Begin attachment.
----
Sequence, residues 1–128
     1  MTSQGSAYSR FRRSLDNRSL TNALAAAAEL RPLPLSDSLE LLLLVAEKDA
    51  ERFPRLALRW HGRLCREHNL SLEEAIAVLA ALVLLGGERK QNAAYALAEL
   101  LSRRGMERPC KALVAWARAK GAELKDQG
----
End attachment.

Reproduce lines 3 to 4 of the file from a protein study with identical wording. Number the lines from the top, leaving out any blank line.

    51  ERFPRLALRW HGRLCREHNL SLEEAIAVLA ALVLLGGERK QNAAYALAEL
   101  LSRRGMERPC KALVAWARAK GAELKDQG